• Once the transmission channel is available, and there are no pending higher-priority messages, then a fragment of the low-priority message is selected for transmission. In one example, the fragments of the low-priority message are sent in order, such that the first fragment (e.g. fragment 220 from FIG. 2) is sent first, followed by the second, then the third etc. However, in alternative examples, the fragments may not be sent in this sequence. Once the fragment has been selected, it is transmitted 320 to the appropriate client terminal. The time at which the fragment was transmitted is then stored 322 (the reason for this is described below). It is then determined 324 whether all fragments of the low-priority message have been sent (or alternatively all fragments that the client terminal has requested in the case of pagination). If so, then the transmission of the low-priority message is complete 326, and the process waits until another low-priority message is pending in the queue and then repeats. If there are more fragments to transmit, then the process repeats from the determination 310 of whether there is an available transmission channel.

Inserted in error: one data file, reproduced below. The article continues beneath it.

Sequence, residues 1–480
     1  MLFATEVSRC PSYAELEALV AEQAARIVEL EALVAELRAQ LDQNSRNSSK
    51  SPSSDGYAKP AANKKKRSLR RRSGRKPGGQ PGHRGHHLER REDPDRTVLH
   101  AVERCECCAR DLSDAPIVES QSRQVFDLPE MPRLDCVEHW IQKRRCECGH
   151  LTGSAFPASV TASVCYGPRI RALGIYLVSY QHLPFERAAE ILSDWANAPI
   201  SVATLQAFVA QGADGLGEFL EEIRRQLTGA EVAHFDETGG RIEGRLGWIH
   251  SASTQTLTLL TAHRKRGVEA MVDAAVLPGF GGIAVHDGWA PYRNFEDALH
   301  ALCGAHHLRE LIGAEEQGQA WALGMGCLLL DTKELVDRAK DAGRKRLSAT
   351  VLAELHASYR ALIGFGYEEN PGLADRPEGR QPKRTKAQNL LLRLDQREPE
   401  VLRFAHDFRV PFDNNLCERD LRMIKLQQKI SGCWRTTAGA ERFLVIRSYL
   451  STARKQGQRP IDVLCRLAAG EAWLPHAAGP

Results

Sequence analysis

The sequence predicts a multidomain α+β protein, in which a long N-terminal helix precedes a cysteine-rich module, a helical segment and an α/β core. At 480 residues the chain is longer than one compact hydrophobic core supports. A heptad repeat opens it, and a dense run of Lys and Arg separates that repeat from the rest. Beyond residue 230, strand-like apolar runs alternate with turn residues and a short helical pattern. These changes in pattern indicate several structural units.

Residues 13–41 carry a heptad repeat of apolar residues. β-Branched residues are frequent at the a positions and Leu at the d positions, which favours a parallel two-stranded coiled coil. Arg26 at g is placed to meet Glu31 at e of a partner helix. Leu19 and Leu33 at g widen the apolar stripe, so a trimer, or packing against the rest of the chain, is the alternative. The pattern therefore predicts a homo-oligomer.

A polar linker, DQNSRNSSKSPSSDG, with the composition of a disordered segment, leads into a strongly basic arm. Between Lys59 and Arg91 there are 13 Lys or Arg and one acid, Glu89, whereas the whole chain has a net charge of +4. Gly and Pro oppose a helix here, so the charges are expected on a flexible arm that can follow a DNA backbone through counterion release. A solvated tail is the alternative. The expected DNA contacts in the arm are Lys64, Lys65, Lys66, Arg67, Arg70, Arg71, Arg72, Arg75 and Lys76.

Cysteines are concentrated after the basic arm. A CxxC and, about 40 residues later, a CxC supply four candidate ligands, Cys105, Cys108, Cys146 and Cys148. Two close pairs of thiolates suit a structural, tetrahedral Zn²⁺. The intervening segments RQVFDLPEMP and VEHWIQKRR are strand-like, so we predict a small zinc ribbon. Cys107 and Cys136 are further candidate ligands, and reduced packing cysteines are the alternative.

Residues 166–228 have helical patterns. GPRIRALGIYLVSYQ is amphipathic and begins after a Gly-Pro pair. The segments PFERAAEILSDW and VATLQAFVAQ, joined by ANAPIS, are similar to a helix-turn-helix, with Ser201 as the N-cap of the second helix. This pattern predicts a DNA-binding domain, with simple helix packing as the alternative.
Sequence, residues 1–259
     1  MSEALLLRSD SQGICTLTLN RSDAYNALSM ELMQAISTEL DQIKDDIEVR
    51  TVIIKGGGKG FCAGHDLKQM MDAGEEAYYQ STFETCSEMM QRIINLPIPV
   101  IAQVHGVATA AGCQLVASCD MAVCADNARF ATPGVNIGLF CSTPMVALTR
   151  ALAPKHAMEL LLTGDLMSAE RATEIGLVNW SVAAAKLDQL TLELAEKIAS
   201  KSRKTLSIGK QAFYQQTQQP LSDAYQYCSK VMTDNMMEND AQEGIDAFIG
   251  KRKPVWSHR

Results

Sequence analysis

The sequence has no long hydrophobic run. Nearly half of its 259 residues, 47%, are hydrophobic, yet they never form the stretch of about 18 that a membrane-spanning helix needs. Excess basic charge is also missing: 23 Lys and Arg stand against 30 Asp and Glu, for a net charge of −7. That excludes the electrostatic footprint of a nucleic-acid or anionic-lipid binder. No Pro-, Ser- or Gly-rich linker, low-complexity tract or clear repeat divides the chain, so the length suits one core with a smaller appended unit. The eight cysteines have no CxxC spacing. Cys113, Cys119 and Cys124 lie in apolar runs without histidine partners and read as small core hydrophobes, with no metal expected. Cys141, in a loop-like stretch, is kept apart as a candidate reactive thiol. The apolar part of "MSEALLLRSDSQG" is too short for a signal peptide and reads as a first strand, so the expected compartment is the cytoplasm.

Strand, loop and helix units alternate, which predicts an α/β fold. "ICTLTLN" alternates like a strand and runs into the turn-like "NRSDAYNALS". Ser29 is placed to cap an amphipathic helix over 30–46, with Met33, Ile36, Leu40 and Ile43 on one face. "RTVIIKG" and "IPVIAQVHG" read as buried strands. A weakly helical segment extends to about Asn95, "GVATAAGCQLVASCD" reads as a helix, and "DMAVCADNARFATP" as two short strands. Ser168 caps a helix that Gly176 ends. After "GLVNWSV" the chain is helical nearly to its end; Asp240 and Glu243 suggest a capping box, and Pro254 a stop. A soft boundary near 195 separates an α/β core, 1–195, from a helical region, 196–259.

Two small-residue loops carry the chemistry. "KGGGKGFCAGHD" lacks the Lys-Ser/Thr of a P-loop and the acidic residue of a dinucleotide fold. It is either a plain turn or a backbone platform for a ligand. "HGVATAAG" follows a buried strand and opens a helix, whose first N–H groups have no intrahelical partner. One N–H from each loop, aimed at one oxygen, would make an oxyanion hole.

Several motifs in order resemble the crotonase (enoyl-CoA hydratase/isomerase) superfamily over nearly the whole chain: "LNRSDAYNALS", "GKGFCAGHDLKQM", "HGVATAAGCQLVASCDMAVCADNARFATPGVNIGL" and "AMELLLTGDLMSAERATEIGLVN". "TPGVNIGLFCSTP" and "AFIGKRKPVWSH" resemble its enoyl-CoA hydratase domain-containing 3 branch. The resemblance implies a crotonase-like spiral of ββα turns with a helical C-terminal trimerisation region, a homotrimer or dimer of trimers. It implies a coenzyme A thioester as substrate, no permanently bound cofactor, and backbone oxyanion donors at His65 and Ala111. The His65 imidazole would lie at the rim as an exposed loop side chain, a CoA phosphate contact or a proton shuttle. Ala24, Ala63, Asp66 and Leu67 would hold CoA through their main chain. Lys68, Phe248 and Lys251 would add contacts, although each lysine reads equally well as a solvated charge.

• The above-described steps cover the case where the fragment being sent is the first fragment. However, once one or more fragments of the low-priority message have been transmitted, then issues can arise if the remaining fragments of the low-priority message cannot be sent due to higher-priority messages taking precedence and preventing transmission. This scenario is handled by the remainder of FIG. 3, starting from the determination step 316.
  • If it is determined 316 that the fragment is not the first fragment waiting to be sent (i.e. other fragments of this low-priority message have previously been sent), then the elapsed time since the previous fragment was sent is calculated, and it is determined 328 whether this is greater than a threshold. The elapsed time is calculated from the current time and the time stored 322 for the transmission of the previous fragment.